LAG: As somebody who's at the top of his field, do you have any advice for either your younger self back in Louisville or other people who are from the Midwest or mid South, our region, who might be entering into some kind of national conversation about art?
NWA: I gotta tell everybody: your voice matters. Your voice has value. Specifically in the post civil rights world that I grew up in, there was always this sense that Southern voices were not as intellectually inclined—real simple like. And I actually liked that position because it puts you in a subject position of invisibility, and the person who's most invisible is probably the one who has the most power. But anyway, your voice has value.
Also I was lucky enough to have a teacher at Ballard, Dennis Whitehouse, an amazing man. And he instilled in me—along with my father and mother as well—a recognition of the value of the fundamentals. I feel like a lot of people, if you don't live in New York or something, you see what's happening in Artforum, and are like “I just need to make those things!” And I'm like, “yeah, that's cool. Some of those things are kinda nice.” But a lot of them ain't that interesting. And I can't even fall back on the technical cause the technical is shit. So I tell students “if you can draw well, you're going to be just fine.” They're like, “Why is that?” “Cause you'll never run out of a pencil and paper, fam!” All that other technical stuff gonna fail, you know? So the fundamentals are key for me ‘cause I can draw my ass off.
I also like to tell people not to get caught up in the fads. You can get caught up in a fad and you can be making that stuff like everybody else, but what distinguishes you? That the trend becomes a trend and you just become another note in the trend. What the fuck is the point of that? You know, have questions and figure some new shit out. And be okay if the new shit doesn't work all the time. ‘Cause the new shit don't work for nothing. Right? I've been on this particular journey for 10 years, and I'm just now figuring it out. And I'm really quite happy, to be honest, that people didn't know about me before, when I was coming out 10 years ago. I made a lot of bad, bad things—a lot of shitty art. We have to make bad art, you know?
LAG: Is there anything in this conversation that you felt has been missing, that you would like our readers to either know about you or just be thinking about generally?
NWA: Yeah, I was thinking about how one of the main contributors to my artistic pursuits in terms of Louisville was the Speed. That's why I really want to do a show at the Speed one day, because I had these trips I used to do. It was very secret. When I was in high school and I finally got my license, I had this 1986 Jeep Cherokee. A goddamn piece of shit—It was beautiful.
LAG: Hell yeah. I would kill for one of those.
NWA: Fucking awesome, right? It was bronze and rusted. My father and mother bought it for me. I loved that thing. It had a big ass hole in the floorboard over the back-left seat that you could smell gasoline through it. It had one good speaker: on the passenger side of the front of the car. When anyone sat there, I had to tell them, “move your legs,” so we could all hear the music. I used to get in that car to take the secret journey down to the Speed. Nobody fucking knew I would go to the Speed.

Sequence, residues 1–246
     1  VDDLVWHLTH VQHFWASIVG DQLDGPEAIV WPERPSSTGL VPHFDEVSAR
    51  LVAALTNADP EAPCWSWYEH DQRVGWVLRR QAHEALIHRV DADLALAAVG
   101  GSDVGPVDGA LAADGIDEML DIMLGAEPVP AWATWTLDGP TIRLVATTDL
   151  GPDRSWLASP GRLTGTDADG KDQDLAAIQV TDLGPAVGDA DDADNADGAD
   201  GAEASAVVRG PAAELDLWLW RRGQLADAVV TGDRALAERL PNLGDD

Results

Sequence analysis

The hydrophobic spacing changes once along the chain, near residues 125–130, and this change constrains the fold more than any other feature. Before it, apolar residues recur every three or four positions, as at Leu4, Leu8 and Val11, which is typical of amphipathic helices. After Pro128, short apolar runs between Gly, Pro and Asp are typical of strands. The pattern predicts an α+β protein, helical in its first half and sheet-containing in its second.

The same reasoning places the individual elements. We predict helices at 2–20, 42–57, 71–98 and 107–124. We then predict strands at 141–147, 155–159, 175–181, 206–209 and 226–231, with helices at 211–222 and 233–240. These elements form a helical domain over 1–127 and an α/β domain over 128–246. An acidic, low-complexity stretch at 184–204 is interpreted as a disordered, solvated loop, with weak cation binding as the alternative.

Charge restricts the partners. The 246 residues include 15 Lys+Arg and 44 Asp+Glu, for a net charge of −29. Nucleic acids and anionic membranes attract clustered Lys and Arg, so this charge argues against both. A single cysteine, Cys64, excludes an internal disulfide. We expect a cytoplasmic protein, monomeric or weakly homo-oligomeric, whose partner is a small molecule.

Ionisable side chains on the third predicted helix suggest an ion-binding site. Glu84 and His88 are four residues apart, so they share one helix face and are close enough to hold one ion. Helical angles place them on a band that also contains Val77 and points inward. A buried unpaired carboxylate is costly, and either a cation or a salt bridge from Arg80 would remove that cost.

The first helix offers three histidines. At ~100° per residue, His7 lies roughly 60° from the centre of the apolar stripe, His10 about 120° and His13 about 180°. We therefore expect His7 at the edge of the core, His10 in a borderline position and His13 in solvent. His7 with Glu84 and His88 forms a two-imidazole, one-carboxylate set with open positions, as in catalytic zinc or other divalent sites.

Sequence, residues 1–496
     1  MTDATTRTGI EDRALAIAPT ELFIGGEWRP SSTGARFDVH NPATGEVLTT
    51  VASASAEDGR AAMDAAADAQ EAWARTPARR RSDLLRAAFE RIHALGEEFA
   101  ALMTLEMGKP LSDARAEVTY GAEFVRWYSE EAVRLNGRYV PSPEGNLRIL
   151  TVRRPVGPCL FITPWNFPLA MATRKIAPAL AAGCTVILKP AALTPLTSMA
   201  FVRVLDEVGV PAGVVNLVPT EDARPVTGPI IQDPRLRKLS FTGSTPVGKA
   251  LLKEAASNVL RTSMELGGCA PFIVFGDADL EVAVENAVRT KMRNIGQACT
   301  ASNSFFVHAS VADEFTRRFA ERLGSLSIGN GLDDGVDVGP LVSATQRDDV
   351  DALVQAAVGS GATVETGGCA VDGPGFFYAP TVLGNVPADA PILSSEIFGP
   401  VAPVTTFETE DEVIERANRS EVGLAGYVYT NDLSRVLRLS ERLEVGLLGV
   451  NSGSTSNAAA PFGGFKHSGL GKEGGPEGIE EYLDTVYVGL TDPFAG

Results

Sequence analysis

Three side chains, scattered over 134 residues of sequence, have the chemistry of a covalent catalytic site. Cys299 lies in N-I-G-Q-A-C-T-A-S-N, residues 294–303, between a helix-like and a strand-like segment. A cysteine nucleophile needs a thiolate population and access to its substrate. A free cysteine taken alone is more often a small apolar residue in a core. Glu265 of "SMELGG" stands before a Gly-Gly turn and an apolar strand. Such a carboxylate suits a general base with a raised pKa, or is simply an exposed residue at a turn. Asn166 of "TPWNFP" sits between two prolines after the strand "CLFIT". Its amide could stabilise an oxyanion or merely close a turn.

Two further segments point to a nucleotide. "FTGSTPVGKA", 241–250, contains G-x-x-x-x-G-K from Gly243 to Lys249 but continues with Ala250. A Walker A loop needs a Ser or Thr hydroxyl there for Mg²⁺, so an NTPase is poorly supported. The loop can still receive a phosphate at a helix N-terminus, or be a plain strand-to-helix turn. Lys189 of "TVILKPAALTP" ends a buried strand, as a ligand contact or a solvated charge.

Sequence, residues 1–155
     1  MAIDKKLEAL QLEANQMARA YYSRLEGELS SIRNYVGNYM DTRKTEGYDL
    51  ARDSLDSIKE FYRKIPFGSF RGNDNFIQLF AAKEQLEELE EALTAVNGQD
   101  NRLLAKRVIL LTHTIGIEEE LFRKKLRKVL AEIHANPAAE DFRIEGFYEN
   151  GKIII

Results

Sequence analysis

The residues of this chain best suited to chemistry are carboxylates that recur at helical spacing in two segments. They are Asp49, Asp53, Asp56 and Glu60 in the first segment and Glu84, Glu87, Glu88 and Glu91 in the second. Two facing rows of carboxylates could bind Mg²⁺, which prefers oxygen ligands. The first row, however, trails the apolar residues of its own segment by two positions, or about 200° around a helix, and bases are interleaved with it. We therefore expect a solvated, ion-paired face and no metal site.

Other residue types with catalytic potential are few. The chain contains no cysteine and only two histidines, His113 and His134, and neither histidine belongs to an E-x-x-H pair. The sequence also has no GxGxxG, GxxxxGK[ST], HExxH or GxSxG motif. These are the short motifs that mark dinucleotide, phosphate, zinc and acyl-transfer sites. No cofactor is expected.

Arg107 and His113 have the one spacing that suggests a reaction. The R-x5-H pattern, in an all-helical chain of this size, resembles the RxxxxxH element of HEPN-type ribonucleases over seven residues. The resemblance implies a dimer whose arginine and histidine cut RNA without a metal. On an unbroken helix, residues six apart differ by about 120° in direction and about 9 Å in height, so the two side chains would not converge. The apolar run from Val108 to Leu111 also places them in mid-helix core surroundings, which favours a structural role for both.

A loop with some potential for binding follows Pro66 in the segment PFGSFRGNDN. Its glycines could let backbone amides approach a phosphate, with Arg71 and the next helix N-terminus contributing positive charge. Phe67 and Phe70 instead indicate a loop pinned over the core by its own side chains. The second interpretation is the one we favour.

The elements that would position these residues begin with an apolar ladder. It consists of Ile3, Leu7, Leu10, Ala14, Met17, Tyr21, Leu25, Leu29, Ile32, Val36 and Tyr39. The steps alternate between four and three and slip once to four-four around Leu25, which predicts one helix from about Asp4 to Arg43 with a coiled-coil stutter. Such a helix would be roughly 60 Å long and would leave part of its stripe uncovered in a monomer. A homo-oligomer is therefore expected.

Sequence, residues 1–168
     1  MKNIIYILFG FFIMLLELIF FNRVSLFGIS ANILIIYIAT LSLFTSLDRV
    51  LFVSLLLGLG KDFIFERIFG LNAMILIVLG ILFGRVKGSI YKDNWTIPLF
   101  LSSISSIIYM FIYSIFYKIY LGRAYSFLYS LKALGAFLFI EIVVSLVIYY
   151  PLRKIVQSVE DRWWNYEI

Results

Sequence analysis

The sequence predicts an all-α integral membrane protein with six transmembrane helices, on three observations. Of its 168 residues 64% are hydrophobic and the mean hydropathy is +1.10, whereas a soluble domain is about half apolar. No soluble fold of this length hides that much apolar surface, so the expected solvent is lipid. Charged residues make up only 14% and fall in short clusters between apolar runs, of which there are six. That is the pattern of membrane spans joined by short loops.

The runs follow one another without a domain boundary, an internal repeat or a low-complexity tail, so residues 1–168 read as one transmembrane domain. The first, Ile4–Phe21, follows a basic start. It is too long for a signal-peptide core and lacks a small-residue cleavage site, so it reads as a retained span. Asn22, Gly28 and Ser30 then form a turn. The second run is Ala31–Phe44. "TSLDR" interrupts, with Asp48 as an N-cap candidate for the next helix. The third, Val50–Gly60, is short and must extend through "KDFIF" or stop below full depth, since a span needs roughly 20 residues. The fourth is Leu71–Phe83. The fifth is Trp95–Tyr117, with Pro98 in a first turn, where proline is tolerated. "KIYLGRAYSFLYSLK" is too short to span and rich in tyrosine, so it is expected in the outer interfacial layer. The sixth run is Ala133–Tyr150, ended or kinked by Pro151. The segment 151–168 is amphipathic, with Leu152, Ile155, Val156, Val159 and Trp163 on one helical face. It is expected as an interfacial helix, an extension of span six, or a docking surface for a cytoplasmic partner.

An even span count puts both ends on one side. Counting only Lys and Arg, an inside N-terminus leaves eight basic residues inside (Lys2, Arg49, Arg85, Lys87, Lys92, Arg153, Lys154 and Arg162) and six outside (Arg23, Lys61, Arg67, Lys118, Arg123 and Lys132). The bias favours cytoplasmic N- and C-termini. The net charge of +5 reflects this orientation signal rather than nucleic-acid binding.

I would park across the street at what was like, frat row. And I would walk across the street and I would go into the Speed for free. And I would walk upstairs and I would stare at all those Renaissance paintings for hours. Oh my god. I remember that. I would stare at those fucking paintings for hours. They had this fucking Rembrandt up there—goddamn, the Dutch! They had one of the ones where she had the white collar around the neck. I was like, “Goddamn this thing glows!” I never saw anything like it. I would probably go once a week for a few years.
And then when I came back during college I would go down there periodically and I would just stay in that room. That place was a godsend. That was my time. And now realizing it, you know, getting older and, and learning how to articulate those ideas on a very intimate level. I didn't know what that force was, but that force and I were intimate. Sometimes that force would call me like, “no, no, no, check out this Saint Jerome! Look at the way the forehead is painted!” And I would just stare at that forehead for hours.
That force and I are intimate when we go to the Met too, and that is what got me to the tapestry. That force has always been with me. I don't know what to call it, but a force. That's what Louisville did for me—that's what the Speed did for me. Y'all they should let me curate a show with the collection there. Sorry
LAG: I'm not being overblown to say that the Speed would be so lucky to have to have you coordinate with them on anything: a solo show, you curating show, or both. It'd be incredible.
NWA: Thank you. You know, we’d have a fucking blast. The Speed was a safe haven for me—all those feelings of curiosity in that time at the Speed were so clearly resurrected when I went to the Met. Those two moments I think were portals—seismic shifts in my very becoming
L (they/them) is an artist, writer, and current MFA candidate at Tyler School of Art in Philadelphia, PA. They are originally from Louisville, and an editor for Ruckus.
Noel W Anderson
Wink, Altered Ebony magazine page, 13" x 10", 2010-2019.
he's Mean!, Altered Ebony magazine page, 13" x 10”, 2010-2019.
Check the Skin, Altered Ebony magazine page, 13" x 10”, 2010-2019.
Hands-Up, Stretched Jacquard tapestries (4 count), 44" x 42”, 2016-2019, Collection of Hunter Museum of American Art.
Die Leitung (detail)